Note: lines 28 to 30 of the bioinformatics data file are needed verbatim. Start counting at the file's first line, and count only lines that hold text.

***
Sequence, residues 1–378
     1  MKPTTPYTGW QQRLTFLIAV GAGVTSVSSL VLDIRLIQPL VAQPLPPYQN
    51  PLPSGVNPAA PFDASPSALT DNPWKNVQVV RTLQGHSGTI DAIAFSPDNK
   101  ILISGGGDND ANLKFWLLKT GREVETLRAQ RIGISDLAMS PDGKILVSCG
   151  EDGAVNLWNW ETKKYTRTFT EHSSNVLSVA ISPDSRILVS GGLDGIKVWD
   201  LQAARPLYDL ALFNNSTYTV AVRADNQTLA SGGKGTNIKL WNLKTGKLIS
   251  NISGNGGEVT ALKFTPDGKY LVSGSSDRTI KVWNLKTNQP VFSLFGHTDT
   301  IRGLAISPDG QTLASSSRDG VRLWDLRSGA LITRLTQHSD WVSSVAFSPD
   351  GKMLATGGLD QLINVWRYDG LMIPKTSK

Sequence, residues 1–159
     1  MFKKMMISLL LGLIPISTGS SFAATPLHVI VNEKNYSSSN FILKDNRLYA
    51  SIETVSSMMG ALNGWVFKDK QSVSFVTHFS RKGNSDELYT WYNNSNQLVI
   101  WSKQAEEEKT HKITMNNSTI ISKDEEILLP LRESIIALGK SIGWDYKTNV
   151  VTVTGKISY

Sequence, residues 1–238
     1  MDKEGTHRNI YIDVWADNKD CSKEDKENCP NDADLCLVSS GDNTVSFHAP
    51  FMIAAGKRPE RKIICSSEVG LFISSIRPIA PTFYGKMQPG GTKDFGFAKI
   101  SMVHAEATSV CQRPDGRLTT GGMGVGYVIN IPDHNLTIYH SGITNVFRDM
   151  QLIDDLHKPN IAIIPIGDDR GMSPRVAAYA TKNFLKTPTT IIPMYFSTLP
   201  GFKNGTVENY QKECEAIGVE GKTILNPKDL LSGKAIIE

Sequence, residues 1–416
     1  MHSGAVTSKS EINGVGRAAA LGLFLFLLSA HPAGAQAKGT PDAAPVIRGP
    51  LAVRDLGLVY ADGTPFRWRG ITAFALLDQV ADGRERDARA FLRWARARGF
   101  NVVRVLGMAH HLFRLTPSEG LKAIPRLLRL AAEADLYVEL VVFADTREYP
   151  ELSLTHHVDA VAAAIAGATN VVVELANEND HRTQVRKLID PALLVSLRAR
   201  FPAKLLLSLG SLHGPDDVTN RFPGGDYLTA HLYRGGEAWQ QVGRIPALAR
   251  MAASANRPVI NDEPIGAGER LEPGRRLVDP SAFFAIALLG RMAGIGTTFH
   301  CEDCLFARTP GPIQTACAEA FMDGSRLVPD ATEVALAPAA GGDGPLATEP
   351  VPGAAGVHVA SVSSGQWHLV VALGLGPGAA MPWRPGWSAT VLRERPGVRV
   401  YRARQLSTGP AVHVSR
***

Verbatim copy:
   301  CEDCLFARTP GPIQTACAEA FMDGSRLVPD ATEVALAPAA GGDGPLATEP
   351  VPGAAGVHVA SVSSGQWHLV VALGLGPGAA MPWRPGWSAT VLRERPGVRV
   401  YRARQLSTGP AVHVSR